St Mary's Church, Cavendish, from the green
St Mary's Church, Cavendish, from the village green

The Suffolk village of Cavendish is one of the prettiest in England and regularly appears in scenic calendars. One of the classic views of Cavendish takes in the broad village green, with thatched cottages on both sides, and the 13th-century tower of St Mary's church rising above them.

We know that there was a Saxon church here, for the Domesday Book of 1086 mentions it. The present church is mostly a product of the 14th and 15th centuries, with some minor alterations in the Victorian period.

The oldest parts of St Mary's are the tower, porch, and base of the aisles, which were all built around 1300. The tower incorporates a vaulted chamber at ground level with a parvise, or priest's chamber above, furnished with a fireplace and window surround. The aisles were rebuilt around 1350, when large new windows were inserted in the walls.

The ornate 16th century reredos
The ornate 16th-century reredos

A Cavendish Tragedy

The chancel was rebuilt in 1385 with the aid of a legacy from Sir John Cavendish, Lord Chief Justice of the King's Bench. Sir John, a distant ancestor of Elizabeth II, quite literally lost his head during the Peasant's Revolt of 1381.

The tragic story of Sir John's death began in London, when the leader of the revolt, Wat Tyler, met with King Richard II at Mile End to present the peasant's demands. In circumstances that remain a mystery, the belligerent Tyler was struck in the neck by the Lord Mayor of London. The blow only wounded Tyler, but John Cavendish, the second son of Sir John, stepped in quickly and finished Tyler off.

When the news reached Suffolk, the local peasant's angrily pursued SirJohn. He managed to reach the door to St Mary's church and grasped the sanctuary ring, which, according to legal custom, should have given him protection from the mob. Unfortunately for Sir John, the peasant's ignored the sanctuary custom, and hauled him away from the church. He was taken to the market place in Bury St Edmunds and beheaded by a mob led by Jack Straw.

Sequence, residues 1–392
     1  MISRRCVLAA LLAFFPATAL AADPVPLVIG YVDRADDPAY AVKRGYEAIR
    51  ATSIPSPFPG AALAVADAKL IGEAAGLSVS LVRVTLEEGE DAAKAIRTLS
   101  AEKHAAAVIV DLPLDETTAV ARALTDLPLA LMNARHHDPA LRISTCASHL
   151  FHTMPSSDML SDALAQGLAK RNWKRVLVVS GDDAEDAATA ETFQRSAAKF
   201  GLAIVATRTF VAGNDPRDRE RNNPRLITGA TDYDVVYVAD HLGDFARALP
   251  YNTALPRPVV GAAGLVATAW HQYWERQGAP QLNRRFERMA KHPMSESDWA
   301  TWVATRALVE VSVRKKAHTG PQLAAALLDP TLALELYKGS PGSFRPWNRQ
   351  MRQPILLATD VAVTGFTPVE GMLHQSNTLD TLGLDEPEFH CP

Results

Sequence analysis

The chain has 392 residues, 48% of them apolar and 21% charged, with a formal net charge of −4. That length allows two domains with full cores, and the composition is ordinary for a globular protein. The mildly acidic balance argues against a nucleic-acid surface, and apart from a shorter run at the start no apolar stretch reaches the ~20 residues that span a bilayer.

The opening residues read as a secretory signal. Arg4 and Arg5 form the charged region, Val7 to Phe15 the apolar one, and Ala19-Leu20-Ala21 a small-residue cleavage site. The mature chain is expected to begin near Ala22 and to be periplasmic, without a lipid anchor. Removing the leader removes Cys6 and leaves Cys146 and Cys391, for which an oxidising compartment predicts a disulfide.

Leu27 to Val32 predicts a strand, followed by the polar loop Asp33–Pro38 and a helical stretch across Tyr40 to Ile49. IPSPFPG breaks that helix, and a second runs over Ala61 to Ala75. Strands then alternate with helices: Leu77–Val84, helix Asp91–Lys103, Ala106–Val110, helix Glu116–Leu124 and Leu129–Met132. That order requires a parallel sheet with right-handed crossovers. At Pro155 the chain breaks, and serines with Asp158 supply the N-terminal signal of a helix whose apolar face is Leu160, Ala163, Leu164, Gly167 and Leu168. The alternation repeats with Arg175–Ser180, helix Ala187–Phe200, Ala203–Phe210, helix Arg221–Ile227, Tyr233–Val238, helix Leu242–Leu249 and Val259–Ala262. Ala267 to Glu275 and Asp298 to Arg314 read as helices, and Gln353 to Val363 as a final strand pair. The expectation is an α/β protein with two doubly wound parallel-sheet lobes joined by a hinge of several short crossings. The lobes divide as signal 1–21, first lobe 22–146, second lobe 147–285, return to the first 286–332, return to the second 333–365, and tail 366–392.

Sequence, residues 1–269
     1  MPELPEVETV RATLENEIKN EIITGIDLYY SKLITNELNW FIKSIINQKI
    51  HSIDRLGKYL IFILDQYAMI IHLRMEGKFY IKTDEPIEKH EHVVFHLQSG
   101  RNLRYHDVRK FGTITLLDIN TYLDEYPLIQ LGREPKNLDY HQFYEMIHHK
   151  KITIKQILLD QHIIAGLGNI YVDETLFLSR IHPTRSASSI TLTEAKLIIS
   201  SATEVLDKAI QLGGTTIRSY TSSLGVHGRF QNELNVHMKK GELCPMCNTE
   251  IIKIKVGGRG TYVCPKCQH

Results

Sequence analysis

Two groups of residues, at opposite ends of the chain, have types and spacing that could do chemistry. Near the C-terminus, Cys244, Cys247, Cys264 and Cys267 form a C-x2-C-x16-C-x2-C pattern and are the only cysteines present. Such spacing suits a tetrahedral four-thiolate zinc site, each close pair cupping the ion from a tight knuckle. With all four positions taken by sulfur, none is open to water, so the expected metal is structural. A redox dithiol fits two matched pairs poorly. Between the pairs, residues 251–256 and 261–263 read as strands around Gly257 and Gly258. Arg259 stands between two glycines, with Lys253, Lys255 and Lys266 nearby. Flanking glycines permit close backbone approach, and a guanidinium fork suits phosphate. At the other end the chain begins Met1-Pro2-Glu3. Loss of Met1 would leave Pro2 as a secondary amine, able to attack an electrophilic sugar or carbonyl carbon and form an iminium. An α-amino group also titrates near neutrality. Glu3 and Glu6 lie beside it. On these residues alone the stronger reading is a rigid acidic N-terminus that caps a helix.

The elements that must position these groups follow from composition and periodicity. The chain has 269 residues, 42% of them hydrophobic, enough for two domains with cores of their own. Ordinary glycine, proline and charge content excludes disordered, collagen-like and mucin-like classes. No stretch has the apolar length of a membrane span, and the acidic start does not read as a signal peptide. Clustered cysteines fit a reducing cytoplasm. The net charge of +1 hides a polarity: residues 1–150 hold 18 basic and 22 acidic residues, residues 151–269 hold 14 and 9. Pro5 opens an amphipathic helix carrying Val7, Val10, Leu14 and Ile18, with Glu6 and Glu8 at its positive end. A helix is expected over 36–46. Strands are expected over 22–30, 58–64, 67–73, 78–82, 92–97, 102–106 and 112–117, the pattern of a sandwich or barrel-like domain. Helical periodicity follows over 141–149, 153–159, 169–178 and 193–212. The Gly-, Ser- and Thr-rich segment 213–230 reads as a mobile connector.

The 600-year-old door we see today still has its original ironwork, including the handle so vainly grasped by Sir John Cavendish.

The 15th century lectern, a gift from Elizabeth I?
The 15th-century lectern, a gift from Elizabeth I?

The north aisle was rebuilt in 1425, and the nave and clerestory in 1485. The church then remained essentially unaltered until a restoration in 1862.

One of the main historic highlights inside the church is a stunning 16th-century Flemish reredos behind the altar. The central scene depicts the Crucifixion and is set in a gilded frame designed by Sir Ninian Comper. The reredos came from the home of Athelstan Riley, one of those responsible for compiling the English Hymnal.

In the south aisle is a 14th-century octagonal font with symbols of the Evangelists carved around the bowl. At the east end of the south aisle is an altar tomb to Sir George Colt, who died in 1570. The tomb stands on the site of an altar for a medieval chantry chapel, perhaps established by a local merchant guild. On the top of the tomb is a scratched playing board for Alqerque, a form of the popular Nine Men's Morris game.

On the south aisle wall is a plaque commemorating Sue Ryder, who established the charitable foundation that bears her name. The first Sue Ryder care home was established at Ryder's mother's home in Cavendish. She later married Leonard Cheshire, and founder of the Cheshire Homes, and the couple were long-time residents of Cavendish.

There are several very good grave slabs set into the floor, including one to Elizabeth Grey, daughter of the parish rector, who 'quietly departed this life in the full assurance of eternal life' in 1677. Another highlight is a worn 14th-century chest with a traceried front. The altar table is 17th century, as is a beautifully carved chair in the sanctuary.

There are several very good fragments of stained glass in the aisle windows, but perhaps the most interesting historic object in the church is a magnificent 15th-century brass eagle lectern. Tradition says that the lectern was given to the church by Elizabeth I on one of her royal progresses through Suffolk.

St Mary's is a marvellous medieval building, set in one of the prettiest villages in England. It is an absolute delight to visit.

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About Cavendish, St Mary's Church
Address: Peacocks Road, The Green, Cavendish, Suffolk, England, CO10 8AZ
Attraction Type: Historic Church
Location: On the north side of the green, off the A1092 (High Street)
Website: Cavendish, St Mary's Church
Location map
OS: TL805465
Photo Credit: David Ross and Britain Express


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